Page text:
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Twigs & Memories

 I’ve had this arrangement, in various forms, in my house for a number of years. It’s just a bundle of curly willow twigs that I grabbed from my friend Keri’s garden some years back. She had a big pile of prunings of it, and was quite bemused when I ferreted through her pile and took a bunch home in my car.

I love twisty branches and interesting natural shapes. I guess it’s in my blood, because my grandfather used to collect interestingly-shaped driftwood and mount them on pieces of slate. I still have several pieces of his, and I love them. He used to drill a hole in them and my grandmother would put in a plastic flower. I didn’t like plastic flowers, so I tossed them.

Anyway for some years I just kept them in a vase in the entry hall of my old house. And one year someone came to the door selling poppies for Remembrance Day (11th November) and I bought a poppy in memory of my dad. And then I bought another two in memory of two of my uncles, who were his good buddies and in his unit. They later married his sisters and became my uncles. 

And because I wasn’t going anywhere to wear these poppies, I on a whim, twisted their wires onto the curly willow twigs. And I liked the effect.  Guess Nana’s plastic flowers had left their influence. <g>

Since then, every time I’ve come across someone selling Remembrance Day poppies, I’ve bought a few more and added them to my twigs. When I look at it I think of my dad, and my various uncles.

The poppies are slightly different every year — one year they had a brooch attachment on them — but I just twist them on with florist’s wire. And I weigh the vase down with river stones and glass marbles, because the twigs are quite long for such a small vase and it can easily overbalance. But I like the vase being small and black —it suits the  arrangement I think.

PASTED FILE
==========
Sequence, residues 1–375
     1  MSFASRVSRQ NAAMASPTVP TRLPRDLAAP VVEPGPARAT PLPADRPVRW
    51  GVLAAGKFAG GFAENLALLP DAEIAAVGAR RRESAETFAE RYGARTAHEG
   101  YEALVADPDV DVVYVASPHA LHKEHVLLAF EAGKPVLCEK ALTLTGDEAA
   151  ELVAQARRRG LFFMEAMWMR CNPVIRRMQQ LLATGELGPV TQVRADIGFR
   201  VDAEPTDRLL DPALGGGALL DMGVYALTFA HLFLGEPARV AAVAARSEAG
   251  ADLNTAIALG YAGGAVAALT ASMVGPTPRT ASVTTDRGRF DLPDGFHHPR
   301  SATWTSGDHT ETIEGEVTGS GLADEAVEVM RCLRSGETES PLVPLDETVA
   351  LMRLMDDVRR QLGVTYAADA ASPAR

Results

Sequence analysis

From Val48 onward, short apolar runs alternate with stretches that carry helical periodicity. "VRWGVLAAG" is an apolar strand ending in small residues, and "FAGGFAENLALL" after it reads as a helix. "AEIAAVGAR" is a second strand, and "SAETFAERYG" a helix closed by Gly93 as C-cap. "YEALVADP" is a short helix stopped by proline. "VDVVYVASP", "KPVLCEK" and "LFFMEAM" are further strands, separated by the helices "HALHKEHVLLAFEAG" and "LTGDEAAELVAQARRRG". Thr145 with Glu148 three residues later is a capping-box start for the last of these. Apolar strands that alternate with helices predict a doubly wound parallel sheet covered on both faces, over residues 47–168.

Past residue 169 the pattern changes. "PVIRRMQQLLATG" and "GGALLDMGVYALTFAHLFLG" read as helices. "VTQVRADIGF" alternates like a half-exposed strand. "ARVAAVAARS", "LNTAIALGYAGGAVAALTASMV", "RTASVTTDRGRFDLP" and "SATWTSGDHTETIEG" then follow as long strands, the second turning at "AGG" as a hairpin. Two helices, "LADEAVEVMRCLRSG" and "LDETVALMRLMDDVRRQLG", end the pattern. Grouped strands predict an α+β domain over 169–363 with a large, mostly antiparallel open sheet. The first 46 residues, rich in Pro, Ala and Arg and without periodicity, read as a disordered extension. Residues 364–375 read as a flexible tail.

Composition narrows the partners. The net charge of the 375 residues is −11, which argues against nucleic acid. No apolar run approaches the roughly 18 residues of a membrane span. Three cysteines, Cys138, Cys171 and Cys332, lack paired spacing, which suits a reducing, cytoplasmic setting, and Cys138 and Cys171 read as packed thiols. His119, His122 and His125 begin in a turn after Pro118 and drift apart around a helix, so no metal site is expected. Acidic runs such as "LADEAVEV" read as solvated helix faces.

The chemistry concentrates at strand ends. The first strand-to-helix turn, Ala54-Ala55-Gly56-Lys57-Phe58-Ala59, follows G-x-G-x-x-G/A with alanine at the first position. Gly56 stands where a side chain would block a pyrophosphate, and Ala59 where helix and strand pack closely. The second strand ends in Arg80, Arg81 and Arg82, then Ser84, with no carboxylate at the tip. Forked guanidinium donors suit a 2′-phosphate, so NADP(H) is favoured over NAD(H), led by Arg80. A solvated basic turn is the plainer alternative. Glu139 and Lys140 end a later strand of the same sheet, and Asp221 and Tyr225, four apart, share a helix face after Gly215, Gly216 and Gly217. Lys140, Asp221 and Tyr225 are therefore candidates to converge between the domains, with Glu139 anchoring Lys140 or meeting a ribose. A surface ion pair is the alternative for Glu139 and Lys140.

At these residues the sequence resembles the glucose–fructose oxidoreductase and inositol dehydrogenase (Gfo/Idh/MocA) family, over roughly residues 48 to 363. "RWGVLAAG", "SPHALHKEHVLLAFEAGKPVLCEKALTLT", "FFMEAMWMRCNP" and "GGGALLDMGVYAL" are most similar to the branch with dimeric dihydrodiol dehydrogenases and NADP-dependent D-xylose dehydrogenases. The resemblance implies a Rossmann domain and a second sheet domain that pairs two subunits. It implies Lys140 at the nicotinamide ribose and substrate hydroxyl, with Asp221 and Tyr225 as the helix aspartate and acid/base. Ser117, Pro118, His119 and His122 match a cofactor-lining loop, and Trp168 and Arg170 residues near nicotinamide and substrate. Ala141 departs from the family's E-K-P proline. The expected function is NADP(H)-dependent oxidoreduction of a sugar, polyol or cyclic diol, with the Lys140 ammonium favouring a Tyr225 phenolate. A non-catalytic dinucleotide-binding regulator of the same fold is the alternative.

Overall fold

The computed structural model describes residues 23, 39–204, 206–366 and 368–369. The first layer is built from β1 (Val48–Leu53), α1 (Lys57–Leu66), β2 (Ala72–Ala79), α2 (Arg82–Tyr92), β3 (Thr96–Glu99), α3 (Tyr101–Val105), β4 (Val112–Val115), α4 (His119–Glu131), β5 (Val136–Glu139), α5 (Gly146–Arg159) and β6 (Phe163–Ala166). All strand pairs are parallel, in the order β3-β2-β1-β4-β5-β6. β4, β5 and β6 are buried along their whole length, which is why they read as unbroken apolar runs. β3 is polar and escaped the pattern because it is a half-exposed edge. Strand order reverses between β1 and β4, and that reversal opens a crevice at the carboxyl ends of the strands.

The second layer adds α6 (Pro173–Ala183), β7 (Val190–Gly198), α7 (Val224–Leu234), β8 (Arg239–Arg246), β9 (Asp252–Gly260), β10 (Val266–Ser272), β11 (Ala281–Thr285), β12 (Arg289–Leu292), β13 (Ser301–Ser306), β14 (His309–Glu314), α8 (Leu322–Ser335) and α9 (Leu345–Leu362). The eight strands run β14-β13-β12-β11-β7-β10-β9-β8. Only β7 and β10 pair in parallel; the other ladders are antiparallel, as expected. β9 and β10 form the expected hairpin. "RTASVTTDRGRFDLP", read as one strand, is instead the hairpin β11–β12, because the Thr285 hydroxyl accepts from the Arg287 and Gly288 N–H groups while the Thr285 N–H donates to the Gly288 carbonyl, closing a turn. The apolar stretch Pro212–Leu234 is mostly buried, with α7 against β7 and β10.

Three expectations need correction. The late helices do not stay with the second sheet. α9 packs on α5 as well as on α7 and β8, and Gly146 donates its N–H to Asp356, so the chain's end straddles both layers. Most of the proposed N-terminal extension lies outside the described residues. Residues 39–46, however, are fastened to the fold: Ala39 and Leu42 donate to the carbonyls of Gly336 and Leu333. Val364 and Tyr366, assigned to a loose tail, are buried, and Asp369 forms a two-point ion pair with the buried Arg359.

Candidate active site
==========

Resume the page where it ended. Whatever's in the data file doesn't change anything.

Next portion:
For years nobody commented on my twigs and poppy arrangement. Now I’m in my new home, and the arrangement is in the living-room instead of the entry hall, and several people have commented on it.

One person said, “Oh I like your japonica arrangement,” (Japonica is also called flowering quince).  I love it when it flowers in early spring, with pretty blossoms on bare, elegant branches.  Another friend, who I sent some photos of my new house said “OMG I love those flowers  under the picture — what are they?” And when I explained, she asked me to grab some curly willow twigs next time I visited Keri and she’d put Remembrance Day poppies on them for her dad. 

 

 

Mother's Day

My mum is long gone, but I still miss her. I don’t think we ever stop missing our mums, do we?

This is one of my favorite photos of her, taken when she was a schoolgirl. Cute, eh? She was a smart little cookie and won a scholarship to a posh boarding school when she was quite young. I don’t think she was very happy there — the other girls were very snobby, and she was just a girl from the country, not posh, not rich, just smart.  I think she was quite lonely, and though she made friends all her life, none of them came from her schooldays. But she did well — as well as being Dux (top) of the school when she graduated, and winning a bunch of prizes (mainly books with certificates inside them), she was very musical with a gorgeous voice. She was also athletic — she once did 22 backflips in a row!